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News Release

November 7, 2007

Contact:

Jane Gruba-Chevalier, Clayman Institute: (650) 725-0372, jmgruba@stanford.edu


All-female SpelBots robotics team members to visit campus

Members of SpelBots, the nation's only all-female, African American competitive student robotics team, plan to visit campus Tuesday, Nov. 13, from 4:15 to 6:30 p.m. in Room S360 of the Clark Center, 318 Campus Drive. The event is free and open to the public, and middle and high school students are encouraged to attend.

Spelman College students and SpelBot members Whitney O'Banner and Philana Benton will share their personal experiences—and demonstrate their award-winning four-legged robots—in the context of a broader discussion of the impact of gender on engineering education. Spelman Associate Professor Andrew Williams, coach and founder of SpelBots, will accompany the students.

The event, hosted by the Clayman Institute for Gender Research, is titled, "Gendered Pathways to Success in Engineering." Although engineering lies at the heart of U.S. economic growth, women earn only 21 percent of engineering degrees. Participants will discuss the importance of encouraging more young women to identify as future engineers, and getting more men to accept them in the profession. Sheri Sheppard, professor of mechanical engineering and a senior research fellow at the Clayman Institute, will moderate the discussion with the SpelBots members and Stanford's Misty Davies and Prajwal Kulkarni, graduate students in mechanical engineering and applied physics, respectively. They will discuss their personal experiences in engineering education and their career-path decisions, and participate in a discussion with the audience.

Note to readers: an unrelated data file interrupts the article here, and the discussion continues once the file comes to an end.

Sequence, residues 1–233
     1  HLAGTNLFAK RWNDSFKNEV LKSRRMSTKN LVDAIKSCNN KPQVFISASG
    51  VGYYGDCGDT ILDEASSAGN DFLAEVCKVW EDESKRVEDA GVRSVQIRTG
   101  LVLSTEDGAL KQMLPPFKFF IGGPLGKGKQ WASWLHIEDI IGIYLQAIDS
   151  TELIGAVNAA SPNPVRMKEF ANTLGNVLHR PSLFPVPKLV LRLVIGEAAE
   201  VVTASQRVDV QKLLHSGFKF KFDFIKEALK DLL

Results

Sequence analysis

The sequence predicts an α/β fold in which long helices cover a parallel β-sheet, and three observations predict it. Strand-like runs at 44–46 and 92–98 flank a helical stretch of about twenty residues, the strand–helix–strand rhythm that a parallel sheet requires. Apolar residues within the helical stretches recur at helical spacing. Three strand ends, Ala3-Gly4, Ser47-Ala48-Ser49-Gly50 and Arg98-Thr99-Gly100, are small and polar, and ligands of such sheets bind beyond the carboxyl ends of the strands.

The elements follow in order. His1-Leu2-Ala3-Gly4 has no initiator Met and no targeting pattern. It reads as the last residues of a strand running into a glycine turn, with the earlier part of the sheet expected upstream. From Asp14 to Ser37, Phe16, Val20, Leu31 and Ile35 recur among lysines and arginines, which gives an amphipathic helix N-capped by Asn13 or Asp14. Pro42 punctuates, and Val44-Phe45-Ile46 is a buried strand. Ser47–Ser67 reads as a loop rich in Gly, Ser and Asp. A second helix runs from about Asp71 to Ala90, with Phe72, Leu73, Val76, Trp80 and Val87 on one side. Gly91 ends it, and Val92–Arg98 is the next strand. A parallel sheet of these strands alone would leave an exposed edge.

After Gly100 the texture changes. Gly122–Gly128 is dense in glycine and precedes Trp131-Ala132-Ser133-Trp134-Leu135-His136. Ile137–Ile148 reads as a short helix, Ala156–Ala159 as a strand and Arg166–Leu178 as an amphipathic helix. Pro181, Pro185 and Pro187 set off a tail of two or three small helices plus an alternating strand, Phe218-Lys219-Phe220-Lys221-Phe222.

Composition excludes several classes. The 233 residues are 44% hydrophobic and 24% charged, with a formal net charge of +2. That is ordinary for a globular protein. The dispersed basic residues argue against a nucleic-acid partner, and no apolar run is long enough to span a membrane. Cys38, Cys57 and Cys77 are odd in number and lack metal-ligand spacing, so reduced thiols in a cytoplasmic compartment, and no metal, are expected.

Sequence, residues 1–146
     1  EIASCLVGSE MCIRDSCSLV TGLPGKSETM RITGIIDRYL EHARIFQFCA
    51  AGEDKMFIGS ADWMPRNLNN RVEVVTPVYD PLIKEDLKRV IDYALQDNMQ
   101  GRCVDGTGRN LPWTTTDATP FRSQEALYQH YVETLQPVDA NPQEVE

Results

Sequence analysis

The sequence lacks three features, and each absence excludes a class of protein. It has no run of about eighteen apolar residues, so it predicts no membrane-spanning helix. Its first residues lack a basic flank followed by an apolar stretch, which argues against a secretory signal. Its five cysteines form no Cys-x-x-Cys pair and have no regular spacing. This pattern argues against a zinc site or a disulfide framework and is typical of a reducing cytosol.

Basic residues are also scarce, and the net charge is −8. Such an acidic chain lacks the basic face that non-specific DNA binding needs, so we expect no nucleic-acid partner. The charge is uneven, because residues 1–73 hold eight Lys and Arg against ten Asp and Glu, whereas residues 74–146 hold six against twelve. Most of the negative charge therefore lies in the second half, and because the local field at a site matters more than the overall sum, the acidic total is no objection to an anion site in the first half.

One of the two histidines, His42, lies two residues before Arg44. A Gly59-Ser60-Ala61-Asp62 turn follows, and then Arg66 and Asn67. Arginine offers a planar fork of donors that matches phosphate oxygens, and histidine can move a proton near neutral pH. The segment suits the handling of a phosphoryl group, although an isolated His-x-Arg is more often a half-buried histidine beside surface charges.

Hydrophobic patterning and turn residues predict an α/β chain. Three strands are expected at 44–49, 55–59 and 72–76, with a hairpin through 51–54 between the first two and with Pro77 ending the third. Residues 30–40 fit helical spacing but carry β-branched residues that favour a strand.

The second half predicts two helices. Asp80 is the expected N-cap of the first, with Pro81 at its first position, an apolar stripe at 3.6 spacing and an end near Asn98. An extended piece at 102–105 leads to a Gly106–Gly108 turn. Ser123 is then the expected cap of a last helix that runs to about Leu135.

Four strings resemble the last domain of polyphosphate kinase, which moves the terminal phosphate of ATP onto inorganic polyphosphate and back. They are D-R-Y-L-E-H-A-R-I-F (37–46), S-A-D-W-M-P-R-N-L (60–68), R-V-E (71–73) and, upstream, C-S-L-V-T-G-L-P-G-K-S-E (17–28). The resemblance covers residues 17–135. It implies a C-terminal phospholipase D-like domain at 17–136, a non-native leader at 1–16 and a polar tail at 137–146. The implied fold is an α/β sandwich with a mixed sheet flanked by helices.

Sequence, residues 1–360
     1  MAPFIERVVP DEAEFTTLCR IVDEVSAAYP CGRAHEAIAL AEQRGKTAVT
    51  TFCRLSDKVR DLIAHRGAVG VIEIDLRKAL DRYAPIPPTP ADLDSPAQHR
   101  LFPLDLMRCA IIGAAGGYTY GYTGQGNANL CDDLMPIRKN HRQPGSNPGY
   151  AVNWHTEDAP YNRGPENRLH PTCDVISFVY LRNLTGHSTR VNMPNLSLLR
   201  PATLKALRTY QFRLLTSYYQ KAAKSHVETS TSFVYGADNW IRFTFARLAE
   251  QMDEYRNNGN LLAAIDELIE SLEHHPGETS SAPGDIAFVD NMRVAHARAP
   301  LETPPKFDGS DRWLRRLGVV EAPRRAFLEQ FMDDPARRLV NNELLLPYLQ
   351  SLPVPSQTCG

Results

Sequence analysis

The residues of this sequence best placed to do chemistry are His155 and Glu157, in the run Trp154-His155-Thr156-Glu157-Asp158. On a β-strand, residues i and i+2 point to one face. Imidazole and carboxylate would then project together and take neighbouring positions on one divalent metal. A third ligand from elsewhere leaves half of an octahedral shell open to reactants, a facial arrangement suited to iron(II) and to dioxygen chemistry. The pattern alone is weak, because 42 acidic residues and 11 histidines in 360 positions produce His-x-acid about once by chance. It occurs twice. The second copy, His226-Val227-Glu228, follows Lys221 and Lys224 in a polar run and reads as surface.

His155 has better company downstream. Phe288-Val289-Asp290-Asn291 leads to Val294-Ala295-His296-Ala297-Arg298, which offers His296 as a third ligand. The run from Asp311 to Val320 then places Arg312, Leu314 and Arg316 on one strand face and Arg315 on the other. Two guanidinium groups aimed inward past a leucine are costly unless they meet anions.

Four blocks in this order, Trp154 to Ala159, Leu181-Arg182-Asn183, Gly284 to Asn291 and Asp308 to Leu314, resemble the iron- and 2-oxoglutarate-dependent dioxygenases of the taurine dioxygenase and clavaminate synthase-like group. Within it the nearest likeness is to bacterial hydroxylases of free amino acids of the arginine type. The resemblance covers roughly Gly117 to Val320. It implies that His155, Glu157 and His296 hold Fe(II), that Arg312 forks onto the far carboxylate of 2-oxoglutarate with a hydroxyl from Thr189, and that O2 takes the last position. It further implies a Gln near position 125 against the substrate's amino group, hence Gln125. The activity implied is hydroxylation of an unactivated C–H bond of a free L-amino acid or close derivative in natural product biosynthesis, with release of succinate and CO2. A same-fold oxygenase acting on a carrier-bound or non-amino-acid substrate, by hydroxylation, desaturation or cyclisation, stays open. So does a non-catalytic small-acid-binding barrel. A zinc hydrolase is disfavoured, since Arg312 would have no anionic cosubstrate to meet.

Sheppard also will discuss results from the Academic Pathways Study, a five-year project she led that explores the developmental, cognitive and institutional factors contributing to student persistence and success in engineering majors. Launched in 2002, the study has followed 160 students from Stanford, Howard University, the University of Minnesota and the Colorado School of Mines from their freshman year of engineering studies through their senior year. The National Science Foundation funded the study through the Center for the Advancement of Engineering Education at the University of Washington.

Stanford School of Engineering Dean Jim Plummer will conclude the event by responding to the presentations and panel.

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Comment:

Sheri Sheppard, School of Engineering: (650) 723-1994, sheppard@stanford.edu

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